Even if a company is posting impressive accounting earnings, what matters at the end of the day is cash. Cash is the only thing companies can actually use to reinvest back into their business or pay out to shareholders. Sometimes accounting earnings can actually distract from a company’s true cash flow generation. Cott Corporation (TSX:BCB) is a prime example.
In the past five years, Cott has generated over $500 million in free cash flow. If you were just paying attention to profits, however, you only would have seen the company earn less than $200 in net income over that time period. Cott’s big depreciation charges every year (about $100 million annually) cause earnings to look depressed, even though the business is throwing off some serious cash. This can lead to some serious mispricing.
For example, Cott trades at 20 times 2016 earnings. That hardly looks cheap. When you drill into the financial statements, however, the company should generate over $1 in free cash flow per share, meaning shares trade at only 14 times free cash flow. By 2018 management expects to improve free cash flow to $1.50-1.65 a share. If that’s to be believed, shares have a free cash flow yield of over 11%, nearing value territory.
How is management going to grow cash flow even more?
Cott manufactures and sells beverages through 62 manufacturing, production, distribution and fruit-processing facilities. It’s well diversified, offering carbonated soft drinks, shelf-stable juice and juice-based products, clear and flavoured waters, energy drinks and shots, sports products, ready-to-drink teas and alcoholic beverages. Much of it is contract manufacturing and distribution is for global brand companies.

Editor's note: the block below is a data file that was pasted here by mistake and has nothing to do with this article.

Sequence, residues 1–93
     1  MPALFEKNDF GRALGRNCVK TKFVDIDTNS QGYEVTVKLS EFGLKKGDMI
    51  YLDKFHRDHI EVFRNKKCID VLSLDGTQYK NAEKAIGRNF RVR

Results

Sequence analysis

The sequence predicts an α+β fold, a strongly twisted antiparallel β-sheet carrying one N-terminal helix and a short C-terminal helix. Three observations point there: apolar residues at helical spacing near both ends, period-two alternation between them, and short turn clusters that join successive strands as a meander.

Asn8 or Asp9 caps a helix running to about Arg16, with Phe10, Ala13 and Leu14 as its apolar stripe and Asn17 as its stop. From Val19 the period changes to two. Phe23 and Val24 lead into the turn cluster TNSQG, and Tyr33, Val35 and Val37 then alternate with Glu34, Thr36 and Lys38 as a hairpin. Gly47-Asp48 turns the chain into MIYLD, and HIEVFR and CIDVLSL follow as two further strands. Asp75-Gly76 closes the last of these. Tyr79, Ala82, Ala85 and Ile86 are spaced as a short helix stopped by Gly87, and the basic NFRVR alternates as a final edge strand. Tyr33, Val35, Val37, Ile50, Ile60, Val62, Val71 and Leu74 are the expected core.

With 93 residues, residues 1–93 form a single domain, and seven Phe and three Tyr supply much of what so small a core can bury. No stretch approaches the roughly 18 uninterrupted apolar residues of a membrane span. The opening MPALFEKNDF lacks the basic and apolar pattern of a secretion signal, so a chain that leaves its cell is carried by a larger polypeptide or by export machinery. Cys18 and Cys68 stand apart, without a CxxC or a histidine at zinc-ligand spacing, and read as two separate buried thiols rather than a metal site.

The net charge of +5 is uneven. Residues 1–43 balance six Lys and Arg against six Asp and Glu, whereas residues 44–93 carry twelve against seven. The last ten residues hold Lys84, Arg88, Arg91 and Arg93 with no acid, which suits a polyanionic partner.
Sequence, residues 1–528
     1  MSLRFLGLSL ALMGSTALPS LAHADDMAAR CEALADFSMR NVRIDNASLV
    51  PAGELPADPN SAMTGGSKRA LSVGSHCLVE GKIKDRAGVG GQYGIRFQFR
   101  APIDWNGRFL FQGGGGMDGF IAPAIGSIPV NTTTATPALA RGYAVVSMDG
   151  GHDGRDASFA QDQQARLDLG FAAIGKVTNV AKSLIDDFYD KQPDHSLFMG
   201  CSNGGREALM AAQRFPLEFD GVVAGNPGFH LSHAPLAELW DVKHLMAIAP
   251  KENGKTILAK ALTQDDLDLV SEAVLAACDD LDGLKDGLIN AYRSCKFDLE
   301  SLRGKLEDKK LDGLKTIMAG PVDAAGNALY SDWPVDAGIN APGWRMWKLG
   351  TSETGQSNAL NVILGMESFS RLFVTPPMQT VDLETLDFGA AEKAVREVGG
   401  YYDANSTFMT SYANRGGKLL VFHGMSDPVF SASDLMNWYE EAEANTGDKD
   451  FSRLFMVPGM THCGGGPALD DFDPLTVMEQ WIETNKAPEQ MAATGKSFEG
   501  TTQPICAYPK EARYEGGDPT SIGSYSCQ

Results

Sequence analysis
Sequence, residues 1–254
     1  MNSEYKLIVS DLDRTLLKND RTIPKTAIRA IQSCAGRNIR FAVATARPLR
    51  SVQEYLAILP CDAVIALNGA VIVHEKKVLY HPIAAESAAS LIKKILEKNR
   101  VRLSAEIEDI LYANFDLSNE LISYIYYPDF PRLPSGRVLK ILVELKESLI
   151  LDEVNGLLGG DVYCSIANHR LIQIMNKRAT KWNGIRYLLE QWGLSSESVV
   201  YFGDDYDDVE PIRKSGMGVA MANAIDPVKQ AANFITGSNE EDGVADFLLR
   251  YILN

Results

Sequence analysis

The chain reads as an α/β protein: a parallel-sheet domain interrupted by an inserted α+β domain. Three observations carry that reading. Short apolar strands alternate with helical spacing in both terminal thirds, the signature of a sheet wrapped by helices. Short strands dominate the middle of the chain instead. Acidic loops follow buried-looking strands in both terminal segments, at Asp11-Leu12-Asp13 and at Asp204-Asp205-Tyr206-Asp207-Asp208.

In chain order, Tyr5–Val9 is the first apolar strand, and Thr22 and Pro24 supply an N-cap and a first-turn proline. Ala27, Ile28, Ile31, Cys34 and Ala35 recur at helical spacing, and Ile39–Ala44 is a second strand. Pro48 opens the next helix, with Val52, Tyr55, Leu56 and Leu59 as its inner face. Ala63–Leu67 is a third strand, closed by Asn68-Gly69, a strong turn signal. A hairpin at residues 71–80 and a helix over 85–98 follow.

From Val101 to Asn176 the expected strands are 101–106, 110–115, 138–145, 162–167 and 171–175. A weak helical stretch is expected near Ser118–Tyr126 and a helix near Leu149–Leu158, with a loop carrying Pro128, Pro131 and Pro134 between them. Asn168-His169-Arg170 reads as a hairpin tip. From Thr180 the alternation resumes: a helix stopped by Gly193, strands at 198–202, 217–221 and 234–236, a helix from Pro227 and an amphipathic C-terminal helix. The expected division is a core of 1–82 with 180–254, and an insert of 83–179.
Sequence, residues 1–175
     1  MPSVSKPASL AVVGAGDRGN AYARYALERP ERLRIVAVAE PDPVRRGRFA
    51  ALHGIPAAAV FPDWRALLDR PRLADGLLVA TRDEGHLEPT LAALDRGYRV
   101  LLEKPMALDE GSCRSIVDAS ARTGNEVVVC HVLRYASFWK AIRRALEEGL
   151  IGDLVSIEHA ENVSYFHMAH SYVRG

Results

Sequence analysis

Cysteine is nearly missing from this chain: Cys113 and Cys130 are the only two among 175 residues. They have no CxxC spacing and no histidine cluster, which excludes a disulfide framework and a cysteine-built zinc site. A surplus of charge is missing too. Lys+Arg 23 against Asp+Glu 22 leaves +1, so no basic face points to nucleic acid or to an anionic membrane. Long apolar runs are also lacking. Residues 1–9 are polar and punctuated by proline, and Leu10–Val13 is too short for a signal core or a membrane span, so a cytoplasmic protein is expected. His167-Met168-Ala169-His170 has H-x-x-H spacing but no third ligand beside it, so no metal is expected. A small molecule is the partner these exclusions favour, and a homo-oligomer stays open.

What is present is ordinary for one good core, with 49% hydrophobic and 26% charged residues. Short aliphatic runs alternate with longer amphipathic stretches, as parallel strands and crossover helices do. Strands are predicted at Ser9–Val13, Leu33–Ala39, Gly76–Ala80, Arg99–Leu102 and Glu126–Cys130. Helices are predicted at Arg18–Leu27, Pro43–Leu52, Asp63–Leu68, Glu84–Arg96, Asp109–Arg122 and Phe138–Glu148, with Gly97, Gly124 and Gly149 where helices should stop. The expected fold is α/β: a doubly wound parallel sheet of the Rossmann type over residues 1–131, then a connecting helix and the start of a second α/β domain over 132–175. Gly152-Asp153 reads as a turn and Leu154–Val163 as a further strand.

By controlling a large portion of the market, Cott can offer customers a wider range of services, while bargaining for better terms. To strengthen its position, Cott has made four to nine acquisitions per year, shelling out an average $30 million in cash annually.
The most attractive part of this strategy is that is can easily extract more value out of acquired businesses than if the companies were independent. For example, the company has paid an average of only 2.5 times EBITDA for acquisitions since 2007. With Cott trading at a significant premium to that, every acquisition adds a significant amount of value.
It’s not too late
With only a $1.6 billion market cap and accounting earnings that obfuscate its true cash flow generation, it’s no wonder Cott shares look fairly cheap. Shares trade at only nine times expected free cash flow in 2018. By then, management expects the balance sheet to be delevered below historical norms, meaning the company should have plenty of firepower to boost the next leg of growth.
If you’re a value investor searching for hidden gems, Cott may be just that.
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Fool contributor Ryan Vanzo has no position in any stocks mentioned.